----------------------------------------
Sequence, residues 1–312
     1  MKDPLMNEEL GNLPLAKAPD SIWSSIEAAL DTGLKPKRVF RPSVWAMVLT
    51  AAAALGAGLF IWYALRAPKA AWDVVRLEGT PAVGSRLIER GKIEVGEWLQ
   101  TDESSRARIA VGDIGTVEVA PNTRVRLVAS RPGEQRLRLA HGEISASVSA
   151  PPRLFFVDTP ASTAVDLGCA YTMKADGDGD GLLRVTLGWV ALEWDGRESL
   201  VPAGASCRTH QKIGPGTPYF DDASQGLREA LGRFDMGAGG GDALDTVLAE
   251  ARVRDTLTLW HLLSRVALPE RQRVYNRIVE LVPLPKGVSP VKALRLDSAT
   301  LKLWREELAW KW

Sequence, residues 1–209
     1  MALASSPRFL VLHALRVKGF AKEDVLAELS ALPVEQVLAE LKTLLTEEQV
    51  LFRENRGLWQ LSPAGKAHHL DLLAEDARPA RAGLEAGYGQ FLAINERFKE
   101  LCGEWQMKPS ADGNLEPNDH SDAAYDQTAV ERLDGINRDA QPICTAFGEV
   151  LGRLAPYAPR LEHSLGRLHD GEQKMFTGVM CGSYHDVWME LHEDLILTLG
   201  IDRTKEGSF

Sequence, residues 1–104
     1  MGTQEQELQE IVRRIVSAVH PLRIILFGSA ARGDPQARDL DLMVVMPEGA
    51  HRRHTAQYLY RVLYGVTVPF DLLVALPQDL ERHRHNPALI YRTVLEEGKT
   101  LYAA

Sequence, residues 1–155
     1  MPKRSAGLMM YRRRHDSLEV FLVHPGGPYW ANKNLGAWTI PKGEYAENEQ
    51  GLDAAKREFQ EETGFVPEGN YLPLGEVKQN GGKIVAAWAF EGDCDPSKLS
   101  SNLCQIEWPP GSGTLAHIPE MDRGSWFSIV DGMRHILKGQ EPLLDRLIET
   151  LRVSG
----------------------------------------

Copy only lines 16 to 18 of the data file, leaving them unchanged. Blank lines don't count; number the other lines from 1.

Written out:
     1  MGTQEQELQE IVRRIVSAVH PLRIILFGSA ARGDPQARDL DLMVVMPEGA
    51  HRRHTAQYLY RVLYGVTVPF DLLVALPQDL ERHRHNPALI YRTVLEEGKT
   101  LYAA